The Spiritual Practice Americans Are Missing

An interview with Jennie Allen

BY JESSE CAREY GOD June 13, 2017

Jennie Allen knows what it’s like to be busy.

Not only is she a popular author and speaker, she’s also the founder of IF:Gathering, a conference with a mission to “equip and unleash the next generation of women to live out their purpose.”

But being constantly busy and trying to meet other people’s expectations can take a toll. We recently spoke with Jennie about the experiences behind her new book Nothing to Prove: Why We Can Stop Trying So Hard and the spiritual benefits of slowing down.

Tell me a little bit about why you decided to write this book?

Actually, it’s probably a lifelong journey, this one in particular. I actually started off writing a different book and wrote most of that book and toward the end of it I called a friend who is a great writing coach and he set me down and said, “OK, I think you’re writing the wrong book, I think you’ve found that there’s a symptom here and you’re not dealing with the problem.”

I realized I was fighting a demon I’ve had most of my life of trying to measure up and feeling lots of stress from that and anxiety from that. I think a lot of people wrestle with this and sometimes we don’t even notice that it’s happening.

So for me it took leading on a massive scale to realize this is getting to me. I can’t carry this kind of pressure and live trying to please people and measure up and make it. I just had to find a different way to do it.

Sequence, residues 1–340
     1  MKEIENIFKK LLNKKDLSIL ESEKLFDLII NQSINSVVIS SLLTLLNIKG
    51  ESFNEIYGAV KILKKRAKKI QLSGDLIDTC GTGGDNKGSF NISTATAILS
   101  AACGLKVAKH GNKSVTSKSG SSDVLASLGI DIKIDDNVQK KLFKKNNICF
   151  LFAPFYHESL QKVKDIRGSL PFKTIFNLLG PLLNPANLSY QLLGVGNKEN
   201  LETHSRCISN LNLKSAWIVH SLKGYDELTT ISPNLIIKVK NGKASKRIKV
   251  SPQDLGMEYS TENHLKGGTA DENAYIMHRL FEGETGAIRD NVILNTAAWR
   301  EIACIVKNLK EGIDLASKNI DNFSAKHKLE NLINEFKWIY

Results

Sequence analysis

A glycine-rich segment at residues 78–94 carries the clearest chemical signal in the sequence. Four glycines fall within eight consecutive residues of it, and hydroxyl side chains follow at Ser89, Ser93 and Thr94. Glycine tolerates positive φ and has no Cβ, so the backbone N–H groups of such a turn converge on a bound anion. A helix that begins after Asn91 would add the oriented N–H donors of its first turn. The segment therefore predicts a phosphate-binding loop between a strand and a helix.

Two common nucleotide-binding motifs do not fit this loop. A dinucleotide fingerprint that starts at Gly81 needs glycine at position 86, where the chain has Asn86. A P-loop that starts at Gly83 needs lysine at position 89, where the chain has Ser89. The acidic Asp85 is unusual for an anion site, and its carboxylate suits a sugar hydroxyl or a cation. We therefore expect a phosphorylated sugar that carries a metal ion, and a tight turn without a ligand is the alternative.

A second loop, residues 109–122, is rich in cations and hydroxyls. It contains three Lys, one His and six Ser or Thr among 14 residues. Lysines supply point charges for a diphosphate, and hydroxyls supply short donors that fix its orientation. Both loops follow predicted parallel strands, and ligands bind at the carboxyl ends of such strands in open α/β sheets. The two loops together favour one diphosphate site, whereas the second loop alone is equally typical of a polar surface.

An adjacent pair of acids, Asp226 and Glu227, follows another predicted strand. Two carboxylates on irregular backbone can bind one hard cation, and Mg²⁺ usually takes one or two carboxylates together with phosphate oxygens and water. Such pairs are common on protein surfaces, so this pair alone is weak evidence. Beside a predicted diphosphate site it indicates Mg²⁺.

Why do you think this is something that’s so prevalent in our culture right now?

Well, I agree with you. It is very prevalent. In fact, I think most of us are running on this treadmill that we don’t even realize is happening, we don’t even realize it’s turned on.

We’re just running everyday. I think we notice it most when we’re still, but the problem is even when we’re still, we have a phone pinging us or even just distracting us and causing us to check out rather than self-diagnose or self analyze what’s happening.

And so that’s why numbing had become such a danger to me is because I never was really giving myself real space, even when I was alone with God or just alone, I was performing and executing things that I needed to get done. So because my job is largely talking about God and teaching and writing, whenever I was alone with God I was getting the next thing ready that I was going to deliver rather than actually just enjoy his presence.

So I think what’s happened is everything has become a performance or something to achieve rather than something to enjoy. [There’s just] an ease and an enjoyment to life that, in America, we’ve lost. I feel like as Americans and as young people today that we’re all trying to prove ourselves and we’re exhausted and we’re actually not enjoying the best parts of life.

I noticed it most when I was over in Europe this past Christmas with my family and we went to several different countries and we noticed themes in each one of these countries.

First of all, they had all been superpowers before. At different times in their history, Italy and certainly Great Britain and France had been superpowers. And what you found was this relaxed environment where they actually built lives that they enjoyed rather than lives where they achieved.

In Italy, it’s the way that they would eat and enjoy a three-hour meal with multiple courses with all of their family present or in England, they practice tea time. There are times in the day that they slow down in the middle of the day, when it’s supposed to be the busiest, most productive part of the day, everybody stops and checks out. And they actually serve this in multiple restaurants, and it’s almost an extra meal, a time for them to just slow down.

So you just notice an ease to their life and an enjoyment of their life that in America we’ve lost.